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    Weapons – there are so many choices that it can become overwhelming.

    12g Vs 20g shotgun. I have a 12g semi auto, 10 shots of 00buck will put a stop to a lot of nastiness. I have back up weapons. It is not what I recommend for the novice.

    For family including wife, especially when small in stature I would recommend a 20g shotgun with 22″ or shorter barrel in semi auto. Semi auto is lower felt recoil. Pump action is not for the untrained or in the heat of a home invasion. The 20g should be lighter in weight which makes it more maneuverable. Lighter weight increases felt recoil but light weight is more maneuverable. Practice, which is a requirement, is not going to happen with a heavy hard kicking 12g. You could go low recoil ammo in the 12, but that nixes a semi auto, which is what you desire IMO. Low recoil ammo will not properly cycle a semi auto and sometimes doesn’t work that well in a pump. 20g with #3 or #4 buck will do the job. While a 12g can use birdshot pretty effectively for home defense, I wouldn’t select it for a 20g. The current problem is finding ammo for either gauge, especially the 20g which is much more limited in selection.

    Training is required. Having a weapon for home protection is useless if you cannot use it in the heat of the moment. Only training will make that possible. Go to a range and hire a qualified instructor to spend an hour with your wife/other family. Cheap price for valuable instruction to get started. Then shoot for fun and education at the range until those that are going to use the weapon are comfortable with its use. Follow up with additional instruction as needed.

    Did I mention TRAINING?

    Be patient. The arms industry is stressed at the moment and finding what you want may take some time. Go to the range and practice with rentals until your order comes in.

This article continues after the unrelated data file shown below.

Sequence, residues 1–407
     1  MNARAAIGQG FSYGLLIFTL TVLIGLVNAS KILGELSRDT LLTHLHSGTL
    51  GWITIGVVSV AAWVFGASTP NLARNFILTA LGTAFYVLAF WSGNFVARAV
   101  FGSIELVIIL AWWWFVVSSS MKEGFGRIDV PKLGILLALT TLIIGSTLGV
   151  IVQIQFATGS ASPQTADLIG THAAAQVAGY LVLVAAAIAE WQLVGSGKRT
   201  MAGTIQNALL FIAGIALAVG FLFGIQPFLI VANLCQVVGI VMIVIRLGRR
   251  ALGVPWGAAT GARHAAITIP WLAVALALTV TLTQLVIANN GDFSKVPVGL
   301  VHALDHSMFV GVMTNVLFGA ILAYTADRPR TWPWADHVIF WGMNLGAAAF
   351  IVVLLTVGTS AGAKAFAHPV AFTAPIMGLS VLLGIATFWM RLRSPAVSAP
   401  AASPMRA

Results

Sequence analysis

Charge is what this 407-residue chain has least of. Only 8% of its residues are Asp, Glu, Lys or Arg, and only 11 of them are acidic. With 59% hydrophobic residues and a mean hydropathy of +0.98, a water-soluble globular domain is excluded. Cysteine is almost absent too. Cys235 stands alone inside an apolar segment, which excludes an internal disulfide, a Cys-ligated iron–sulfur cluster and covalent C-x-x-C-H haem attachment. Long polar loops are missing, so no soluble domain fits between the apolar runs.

texansamurai | June 30, 2020 at 11:57 am

    A properly made molotov cocktail will shatter the container if left to burn. Therefore, once lit, it must be gotten rid of. So, it’s a deadly weapon the moment it is lit – it has to go somewhere.

    thank you for the clarification–only concern is throwing range–unlike a grenade/bangstick, etc. can’t really throw one overhand, more of a lob or(if skilled)perhaps a spiral throw similar to a football–either way, up close, say 20 metres or so–fair enough

    these folks in st louis were lucky–even with the lady firing, outnumbered 50 or so to 1–definitely took some cojones to step outside–good on them–a night confrontation would have been a different proposition indeed

    DaveGinOly | June 30, 2020 at 3:13 pm

    Good article here about firearms and their ability to kill/incapacitate, the number of rounds it takes to have these effects, and percentages of failure to kill or incapacitate for different popular rounds.

    The upshot is that rifles (of all kinds lumped together) and the .357 magnum have the lowest failure-to-stop rates.

    Also noteworthy is this explanation of why even small caliber handguns have a high percentage of one-shot stops:
    In a certain (fairly high) percentage of shootings, people stop their aggressive actions after being hit with one round regardless of caliber or shot placement. These people are likely NOT physically incapacitated by the bullet. They just don’t want to be shot anymore and give up! Call it a psychological stop if you will. Any bullet or caliber combination will likely yield similar results in those cases. And fortunately for us, there are a lot of these “psychological stops” occurring. The problem we have is when we don’t get a psychological stop. If our attacker fights through the pain and continues to victimize us, we might want a round that causes the most damage possible. In essence, we are relying on a “physical stop” rather than a “psychological” one. In order to physically force someone to stop their violent actions we need to either hit him in the Central Nervous System (brain or upper spine) or cause enough bleeding that he becomes unconscious. The more powerful rounds look to be better at doing this.

      alaskabob in reply to DaveGinOly. | June 30, 2020 at 4:53 pm